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The seeds of environmentalism were planted by an Exonian

By
Patrick Garrity
April 28, 2020

Gifford Pinchot is considered a founder of conservationism in the United States, his name often mentioned with Theodore Roosevelt and John Muir as an early advocate for protecting America’s natural resources.

As The Exonian succinctly summarized in a profile in 1939: “Pinchot has three achievements to his credit: He is America’s first and greatest conservationist, he is a darn good politician and he is a graduate of P.E.A.”

Pinchot was the grandson of Amos Eno, a real-estate developer who amassed a fortune building New York City. He came to Exeter as a 16-year-old in spring of 1883 and later attended Yale, where he became deeply interested in the field of forestry. Upon graduation, he traveled to Europe to study sustainable forest management practices.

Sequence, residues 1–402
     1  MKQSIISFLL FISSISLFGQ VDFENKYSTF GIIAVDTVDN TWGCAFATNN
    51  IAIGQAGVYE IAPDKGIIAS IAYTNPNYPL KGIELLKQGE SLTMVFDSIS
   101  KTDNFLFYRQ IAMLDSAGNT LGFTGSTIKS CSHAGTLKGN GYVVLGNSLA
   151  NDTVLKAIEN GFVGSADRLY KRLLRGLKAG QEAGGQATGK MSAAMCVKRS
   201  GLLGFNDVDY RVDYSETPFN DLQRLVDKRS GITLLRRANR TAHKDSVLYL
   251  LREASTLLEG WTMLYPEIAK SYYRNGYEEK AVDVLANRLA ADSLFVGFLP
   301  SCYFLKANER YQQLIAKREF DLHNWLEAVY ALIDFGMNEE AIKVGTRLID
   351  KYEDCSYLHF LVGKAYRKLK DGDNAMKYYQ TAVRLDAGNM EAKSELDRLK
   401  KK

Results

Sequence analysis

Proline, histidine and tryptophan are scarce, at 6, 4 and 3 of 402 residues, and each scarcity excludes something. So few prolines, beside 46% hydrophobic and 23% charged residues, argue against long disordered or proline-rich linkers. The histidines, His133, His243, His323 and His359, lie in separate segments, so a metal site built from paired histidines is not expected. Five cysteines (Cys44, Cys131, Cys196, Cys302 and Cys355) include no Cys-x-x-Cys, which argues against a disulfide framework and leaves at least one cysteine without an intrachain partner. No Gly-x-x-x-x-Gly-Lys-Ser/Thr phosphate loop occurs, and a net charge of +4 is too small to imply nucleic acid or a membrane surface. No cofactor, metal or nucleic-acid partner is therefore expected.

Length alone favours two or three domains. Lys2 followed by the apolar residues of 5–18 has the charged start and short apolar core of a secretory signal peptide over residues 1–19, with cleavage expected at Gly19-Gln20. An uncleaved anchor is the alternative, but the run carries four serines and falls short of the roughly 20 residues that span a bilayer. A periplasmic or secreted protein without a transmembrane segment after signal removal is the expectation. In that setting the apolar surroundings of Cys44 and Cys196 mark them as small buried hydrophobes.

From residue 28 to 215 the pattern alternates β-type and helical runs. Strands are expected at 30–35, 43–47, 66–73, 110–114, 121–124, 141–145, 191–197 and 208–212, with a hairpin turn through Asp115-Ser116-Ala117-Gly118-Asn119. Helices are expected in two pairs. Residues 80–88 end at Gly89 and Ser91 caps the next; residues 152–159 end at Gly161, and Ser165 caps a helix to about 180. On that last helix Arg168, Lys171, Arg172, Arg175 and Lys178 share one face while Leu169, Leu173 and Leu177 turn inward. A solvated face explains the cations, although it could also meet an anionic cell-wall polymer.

Pinchot was appointed by President William McKinley as the head of the Division of Forestry in 1898 and became the first chief of the U.S. Forest Service in 1905 under Roosevelt. He later was elected governor of Pennsylvania twice and was considered a potential Republican candidate for the presidency in the 1920s, but his enduring legacy is that of a conservationist.

Though he spent just 19 months as a student at PEA, he returned frequently as an adult to speak about his work and the merit of public service. During a visit in 1912, Pinchot toured the property south of the Exeter River that had recently been gifted to the Academy by the Plimpton family. The gift made a strong impression on Pinchot and moved him to endow a small annual prize for proficiency in woodcraft and forestry, a prize that is awarded regularly to graduating seniors to this day.

During a visit to his alma mater in 1919, Pinchot told an Exeter assembly that “unless all the American people turn now from wasters to conservators, [our natural] resources will disappear from the face of the earth.”

Editor's note: This article first appeared in the spring 2020 issue of The Exeter Bulletin.

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